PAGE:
Pharmaceutical Research

, Volume 33, Issue 9, pp 2126–2139 | Cite as

Evaluation of the GastroPlus™ Advanced Compartmental and Transit (ACAT) Model in Early Discovery

  • N. Gobeau
  • R. Stringer
  • S. De Buck
  • T. Tuntland
  • B. Faller
Research Paper



The aim of this study was to evaluate the oral exposure predictions obtained early in drug discovery with a generic GastroPlus Advanced Compartmental And Transit (ACAT) model based on the in vivo intravenous blood concentration-time profile, in silico properties (lipophilicity, pKa) and in vitro high-throughput absorption-distribution-metabolism-excretion (ADME) data (as determined by PAMPA, solubility, liver microsomal stability assays).


The model was applied to a total of 623 discovery molecules and their oral exposure was predicted in rats and/or dogs. The predictions of Cmax, AUClast and Tmax were compared against the observations.


The generic model proved to make predictions of oral Cmax, AUClast and Tmax within 3-fold of the observations for rats in respectively 65%, 68% and 57% of the 537 cases. For dogs, it was respectively 77%, 79% and 85% of the 124 cases. Statistically, the model was most successful at predicting oral exposure of Biopharmaceutical Classification System (BCS) class 1 compounds compared to classes 2 and 3, and was worst at predicting class 4 compounds oral exposure.


The generic GastroPlus ACAT model provided reasonable predictions especially for BCS class 1 compounds. For compounds of other classes, the model may be refined by obtaining more information on solubility and permeability in secondary assays. This increases confidence that such a model can be used in discovery projects to understand the parameters limiting absorption and extrapolate predictions across species. Also, when predictions disagree with the observations, the model can be updated to test hypotheses and understand oral absorption.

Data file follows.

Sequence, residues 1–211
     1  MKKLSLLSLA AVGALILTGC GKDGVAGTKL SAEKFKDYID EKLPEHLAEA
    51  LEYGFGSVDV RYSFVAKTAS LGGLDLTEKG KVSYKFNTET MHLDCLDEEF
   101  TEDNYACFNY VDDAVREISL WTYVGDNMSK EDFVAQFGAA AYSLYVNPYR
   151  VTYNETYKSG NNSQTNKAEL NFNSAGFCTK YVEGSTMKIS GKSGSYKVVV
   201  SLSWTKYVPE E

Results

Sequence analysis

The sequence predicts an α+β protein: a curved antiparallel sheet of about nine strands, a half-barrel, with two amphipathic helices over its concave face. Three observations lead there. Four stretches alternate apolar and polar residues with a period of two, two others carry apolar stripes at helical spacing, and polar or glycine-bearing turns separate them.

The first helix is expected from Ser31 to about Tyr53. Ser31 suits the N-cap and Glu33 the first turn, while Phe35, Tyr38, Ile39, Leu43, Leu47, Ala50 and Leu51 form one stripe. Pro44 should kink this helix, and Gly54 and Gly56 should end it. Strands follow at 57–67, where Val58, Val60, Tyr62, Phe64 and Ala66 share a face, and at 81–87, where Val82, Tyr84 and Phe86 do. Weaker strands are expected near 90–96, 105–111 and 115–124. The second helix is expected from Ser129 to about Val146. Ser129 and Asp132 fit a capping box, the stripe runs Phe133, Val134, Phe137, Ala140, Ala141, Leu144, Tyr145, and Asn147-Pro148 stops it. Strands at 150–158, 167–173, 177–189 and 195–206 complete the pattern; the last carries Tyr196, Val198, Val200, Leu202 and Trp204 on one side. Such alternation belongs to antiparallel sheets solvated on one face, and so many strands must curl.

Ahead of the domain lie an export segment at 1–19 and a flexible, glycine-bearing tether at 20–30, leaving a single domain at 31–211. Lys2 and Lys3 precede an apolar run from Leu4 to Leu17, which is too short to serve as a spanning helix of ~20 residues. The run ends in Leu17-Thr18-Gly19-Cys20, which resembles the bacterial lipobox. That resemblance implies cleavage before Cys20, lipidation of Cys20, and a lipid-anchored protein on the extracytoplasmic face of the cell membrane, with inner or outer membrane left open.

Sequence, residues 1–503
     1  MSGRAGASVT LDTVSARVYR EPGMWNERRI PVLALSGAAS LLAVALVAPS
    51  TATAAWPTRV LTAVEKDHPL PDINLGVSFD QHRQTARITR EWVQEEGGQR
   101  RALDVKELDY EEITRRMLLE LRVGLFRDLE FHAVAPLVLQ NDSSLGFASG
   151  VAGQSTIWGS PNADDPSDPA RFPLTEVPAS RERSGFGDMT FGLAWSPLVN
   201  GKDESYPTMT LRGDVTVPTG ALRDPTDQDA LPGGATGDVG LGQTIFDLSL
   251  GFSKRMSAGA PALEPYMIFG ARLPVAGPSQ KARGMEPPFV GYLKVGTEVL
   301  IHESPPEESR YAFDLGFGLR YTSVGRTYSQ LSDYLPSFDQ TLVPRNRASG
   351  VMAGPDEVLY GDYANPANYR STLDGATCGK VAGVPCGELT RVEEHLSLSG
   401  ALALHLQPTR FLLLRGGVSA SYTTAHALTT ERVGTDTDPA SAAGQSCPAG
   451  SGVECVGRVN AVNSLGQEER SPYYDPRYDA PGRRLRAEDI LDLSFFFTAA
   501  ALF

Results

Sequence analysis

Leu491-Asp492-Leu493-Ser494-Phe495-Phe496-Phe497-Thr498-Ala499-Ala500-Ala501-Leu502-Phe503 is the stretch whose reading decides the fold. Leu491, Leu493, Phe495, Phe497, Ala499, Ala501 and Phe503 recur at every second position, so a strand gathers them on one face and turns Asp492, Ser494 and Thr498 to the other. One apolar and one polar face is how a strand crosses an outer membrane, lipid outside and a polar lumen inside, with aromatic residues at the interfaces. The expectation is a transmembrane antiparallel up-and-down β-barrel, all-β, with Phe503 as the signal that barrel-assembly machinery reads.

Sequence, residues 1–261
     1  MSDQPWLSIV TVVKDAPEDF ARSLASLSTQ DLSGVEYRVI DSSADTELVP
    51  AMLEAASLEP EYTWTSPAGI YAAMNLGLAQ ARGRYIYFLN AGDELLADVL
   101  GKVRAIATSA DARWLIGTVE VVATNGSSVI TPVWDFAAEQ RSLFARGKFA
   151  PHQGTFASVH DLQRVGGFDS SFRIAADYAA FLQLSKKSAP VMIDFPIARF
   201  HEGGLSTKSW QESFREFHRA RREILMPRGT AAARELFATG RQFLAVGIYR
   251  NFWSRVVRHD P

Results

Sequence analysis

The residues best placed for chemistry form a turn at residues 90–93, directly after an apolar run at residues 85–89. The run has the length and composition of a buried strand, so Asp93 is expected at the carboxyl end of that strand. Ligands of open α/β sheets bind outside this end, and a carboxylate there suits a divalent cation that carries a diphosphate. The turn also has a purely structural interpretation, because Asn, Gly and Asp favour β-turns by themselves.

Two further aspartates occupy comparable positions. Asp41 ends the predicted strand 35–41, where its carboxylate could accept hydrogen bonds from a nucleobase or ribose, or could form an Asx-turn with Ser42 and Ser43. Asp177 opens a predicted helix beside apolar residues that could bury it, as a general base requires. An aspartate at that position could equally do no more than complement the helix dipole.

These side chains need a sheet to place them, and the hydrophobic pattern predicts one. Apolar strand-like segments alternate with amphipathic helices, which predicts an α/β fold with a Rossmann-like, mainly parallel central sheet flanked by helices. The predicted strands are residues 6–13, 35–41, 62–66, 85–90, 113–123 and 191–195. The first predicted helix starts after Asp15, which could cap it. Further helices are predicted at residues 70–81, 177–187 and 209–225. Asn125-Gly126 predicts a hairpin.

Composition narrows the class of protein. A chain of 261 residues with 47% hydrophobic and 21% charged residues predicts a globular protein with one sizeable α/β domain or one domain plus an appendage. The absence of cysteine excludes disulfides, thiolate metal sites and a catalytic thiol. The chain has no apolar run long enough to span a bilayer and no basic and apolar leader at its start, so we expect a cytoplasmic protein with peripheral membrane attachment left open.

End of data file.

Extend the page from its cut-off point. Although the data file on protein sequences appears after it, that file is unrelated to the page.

advanced compartmental and transit (ACAT) drug discovery GastroPlus oral absorption physiologically based pharmacokinetics (PBPK) 



Advanced compartmental and transit


Absorption, distribution, metabolism, excretion

AFE abs

Absolute average fold error

AFE rel

Relative average fold error


Absorption scaling factor


Area under the curve


Area under the curve to the last time point


Biopharmaceutical classification system


Intrinsic clearance


Maximum concentration


Buffer solubility at a given pH


Solubility in the presence of bile salt at a given pH


Human fasted simulated intestinal fluid






Liquid chromatography tandem mass spectometry


liver weight


Madin Darby canine kidney


Microsomal protein per gram liver


Molecular weight


Novartis institutes for biomedical research


Parallel artifical membrane permeability assay


Physiologically based pharmacokinetics


Effective permeability




Per Os


Polar surface area


Hepatic blood flow


Aqueous solubilization ratio


Simulated intestinal fluid


Bile salt solubilization ratio


Time at which the concentration is maximum



The authors would like to thank all colleagues from Metabolism and Pharmacokinetics at NIBR and GNF, Global Discovery Chemistry and Analytical Sciences and Imaging who provided the critical data and their interpretation to build and evaluate the model. Also, the authors are grateful for the support and useful discussions with Pankaj Daga and Eric Martin, in NIBR Computer Aided Drug Discovery, and Gérard Flesch, in Novartis Pharma Integrated Quantitative Science.

This study was supported by NIBR. The authors have no conflicts of interest directly relevant to the content of this study.

Supplementary material

11095_2016_1951_MOESM1_ESM.docx (405 kb)
ESM 1 (DOCX 405 kb)
11095_2016_1951_MOESM2_ESM.xlsx (1.1 mb)
ESM 2 (XLSX 1.09 mb)


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Copyright information

© Springer Science+Business Media New York 2016

Authors and Affiliations

  • N. Gobeau
    • 1
    • 2
  • R. Stringer
    • 1
  • S. De Buck
    • 3
  • T. Tuntland
    • 4
  • B. Faller
    • 1
  1. 1.Metabolism and Pharmacokinetics (MAP) DepartmentNovartis Institutes for Biomedical ResearchBaselSwitzerland
  2. 2.Medicines for Malaria VentureGeneva 15Switzerland
  3. 3.Drug Metabolism and Pharmacokinetics (DMPK) DepartmentNovartis Institutes for Biomedical ResearchBaselSwitzerland
  4. 4.Metabolism and Pharmacokinetics (MAP) DepartmentGenomics Institute of the Novartis Foundation, Novartis Institutes for Biomedical ResearchSan DiegoUSA

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